The comparison with other junk food is quite effective. I didn't know that Starbucks' espresso was the equivalent of four bowls of ice cream. I mean seriously, I'd rather just eat the ice cream.
The comparison with other junk food is quite effective.
See that stack of Rice Krispie Treats? It’s just three treats shy of two full boxes. Unless you were a contestant on Fear Factor—and there was a sizeable monetary prize on the line—you’d never even consider noshing down that much sugar at once.
I don't know if this is sarcasm or not, but please leave milk alone. Milk is our friend and helps us to grow strong.
[I]ncreasingly, mannequins have become more aspirational models than reflective of the actual average human body. British mannequin maker Rootstein is rolling out a new model next month that looks more like Michael Cera than a Ken doll. The latest form, dubbed "Homme Nouveau," is waifishly thin, with a very Victorian 27-inch waist and a chest spanning 35 inches. According to New York magazine, this is a noticeable shift from the classic 1967 model, which had a 33-inch waist and a 42-inch chest. The measurements of male mannequins have been reducing steadily over the years, even as American men's actual pants size has been getting bigger: The average waist size in 2006 was 39.7 inches. L'homme nouveau, meet l'homme rél.
What is certainly true is that not putting cupholders in a car is a serious mistake. I read a couple of years ago that Volvo had to redesign all its cars for the American market for this very reason. Volvo's engineers had foolishly thought that what buyers were looking for was a reliable engine, side-impact bars and heated seats, when in fact what they craved was little trays into which to insert their Slurpees. So a bunch of guys named Nils Nilsson and Lars Larsson were put to work designing cupholders into the system, and Volvo was thus saved from beverage ignominy, if not actual financial ruin.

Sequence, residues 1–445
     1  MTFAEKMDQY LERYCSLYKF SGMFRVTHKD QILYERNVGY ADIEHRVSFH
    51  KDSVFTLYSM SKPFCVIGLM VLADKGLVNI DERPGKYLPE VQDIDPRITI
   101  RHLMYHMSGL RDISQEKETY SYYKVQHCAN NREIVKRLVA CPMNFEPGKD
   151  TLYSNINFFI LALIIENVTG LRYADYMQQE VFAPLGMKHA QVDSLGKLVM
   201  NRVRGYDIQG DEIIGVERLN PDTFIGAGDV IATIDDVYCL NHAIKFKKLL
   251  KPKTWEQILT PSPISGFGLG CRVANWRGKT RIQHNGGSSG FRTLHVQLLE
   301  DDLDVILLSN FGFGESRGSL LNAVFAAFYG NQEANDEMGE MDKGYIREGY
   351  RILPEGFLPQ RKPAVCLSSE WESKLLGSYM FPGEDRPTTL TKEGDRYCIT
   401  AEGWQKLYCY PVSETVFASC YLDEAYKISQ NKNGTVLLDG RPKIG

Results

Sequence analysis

"Fructose is often recommended for diabetics because it does not trigger the production of insulin by pancreatic ß cells, probably because ß cells have low levels of GLUT5. Fructose has a very low glycemic index of 19 ± 2, compared with 100 for glucose and 68 ± 5 for sucrose. Fructose is also seventy-three percent sweeter than sucrose at room temperature, so diabetics can use less of it."
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